John Fitch (inventor)
Since 1785, Fitch made various attempts to use the power of a steam engine to propel a ship . In 1786, near Philadelphia , he constructed and tested the first operational steamship , a ten-meter-long vehicle with a rear paddle wheel . As a public recognition, he received a monopoly right to build steamships in four US states. Because the steam engine was too weak, the speed was too low and the ship was difficult to steer, economically a failure. After another failure with a rudder drive, he succeeded in 1787 in the presence of Benjamin Franklin and George Washington on the Delaware with the screw-driven steamship Perseverance ( water displacement 9 tons / speed 6 km / h upstream). With this ship an almost regular passenger and freight traffic between Philadelphia and Trenton was operated around 1790, which the functionality was proven. The capacity was 30 people and the total distance traveled was more than 1000 kilometers. Since Fitch did not succeed in attracting further donors, including in Europe, he had to stop his work.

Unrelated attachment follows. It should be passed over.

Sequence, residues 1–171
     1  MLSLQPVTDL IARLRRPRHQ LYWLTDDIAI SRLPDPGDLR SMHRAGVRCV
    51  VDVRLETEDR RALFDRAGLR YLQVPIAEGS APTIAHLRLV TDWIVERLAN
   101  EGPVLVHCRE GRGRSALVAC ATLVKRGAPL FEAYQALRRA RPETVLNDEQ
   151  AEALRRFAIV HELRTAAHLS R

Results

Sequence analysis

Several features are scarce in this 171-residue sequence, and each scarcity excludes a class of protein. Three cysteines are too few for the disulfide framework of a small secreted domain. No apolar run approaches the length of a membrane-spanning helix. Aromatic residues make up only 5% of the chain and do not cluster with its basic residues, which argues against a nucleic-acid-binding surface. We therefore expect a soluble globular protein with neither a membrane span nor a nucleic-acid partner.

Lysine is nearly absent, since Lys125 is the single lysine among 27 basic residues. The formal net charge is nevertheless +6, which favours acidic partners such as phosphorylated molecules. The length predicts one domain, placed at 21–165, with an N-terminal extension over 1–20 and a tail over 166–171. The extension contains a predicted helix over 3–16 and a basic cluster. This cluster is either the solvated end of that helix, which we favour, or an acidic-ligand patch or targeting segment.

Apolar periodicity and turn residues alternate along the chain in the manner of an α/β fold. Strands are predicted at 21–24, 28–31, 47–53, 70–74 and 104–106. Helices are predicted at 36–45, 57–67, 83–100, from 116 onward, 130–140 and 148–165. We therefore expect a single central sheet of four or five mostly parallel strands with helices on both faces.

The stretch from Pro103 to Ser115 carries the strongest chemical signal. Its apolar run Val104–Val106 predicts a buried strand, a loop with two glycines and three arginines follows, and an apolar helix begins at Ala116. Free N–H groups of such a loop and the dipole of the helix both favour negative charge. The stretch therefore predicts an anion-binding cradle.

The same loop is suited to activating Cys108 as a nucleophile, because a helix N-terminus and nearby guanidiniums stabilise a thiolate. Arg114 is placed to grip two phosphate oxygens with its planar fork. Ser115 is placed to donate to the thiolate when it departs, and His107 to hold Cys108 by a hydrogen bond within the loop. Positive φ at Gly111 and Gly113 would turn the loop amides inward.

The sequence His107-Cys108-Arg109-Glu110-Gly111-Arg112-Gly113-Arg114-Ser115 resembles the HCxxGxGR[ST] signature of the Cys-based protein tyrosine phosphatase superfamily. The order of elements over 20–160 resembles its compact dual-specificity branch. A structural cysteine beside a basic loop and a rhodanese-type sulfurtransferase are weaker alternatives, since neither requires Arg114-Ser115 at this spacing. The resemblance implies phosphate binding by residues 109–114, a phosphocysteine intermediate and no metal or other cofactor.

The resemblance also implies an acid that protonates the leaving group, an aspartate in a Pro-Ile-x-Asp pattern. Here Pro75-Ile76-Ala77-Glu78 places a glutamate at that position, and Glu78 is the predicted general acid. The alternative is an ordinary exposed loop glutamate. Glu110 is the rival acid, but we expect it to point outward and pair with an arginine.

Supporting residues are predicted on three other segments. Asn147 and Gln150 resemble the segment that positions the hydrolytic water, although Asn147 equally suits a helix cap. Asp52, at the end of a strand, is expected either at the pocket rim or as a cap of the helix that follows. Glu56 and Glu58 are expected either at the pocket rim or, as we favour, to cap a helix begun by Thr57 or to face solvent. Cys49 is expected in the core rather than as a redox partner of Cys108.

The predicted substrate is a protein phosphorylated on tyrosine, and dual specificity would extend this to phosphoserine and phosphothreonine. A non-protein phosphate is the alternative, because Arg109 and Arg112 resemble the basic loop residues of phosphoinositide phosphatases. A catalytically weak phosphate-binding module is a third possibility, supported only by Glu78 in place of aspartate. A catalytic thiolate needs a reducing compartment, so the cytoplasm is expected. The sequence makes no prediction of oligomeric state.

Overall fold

- Fitch, John . In: Encyclopædia Britannica . 11th edition. tape 10 : Evangelical Church - Francis Joseph I . London 1910, p. 438 (English, full text [ Wikisource ]).
- Jürgen Ostermeyer: Because water has no bars. John Fitch, builder of the first operational steamships, died 200 years ago . In: FAZ , July 2, 1998, p. 10.
|BRIEF DESCRIPTION||American technician and inventor|
|DATE OF BIRTH||January 21, 1743|
|PLACE OF BIRTH||East Windsor, Connecticut|
|DATE OF DEATH||July 2, 1798|
|Place of death||Bardstown, Kentucky|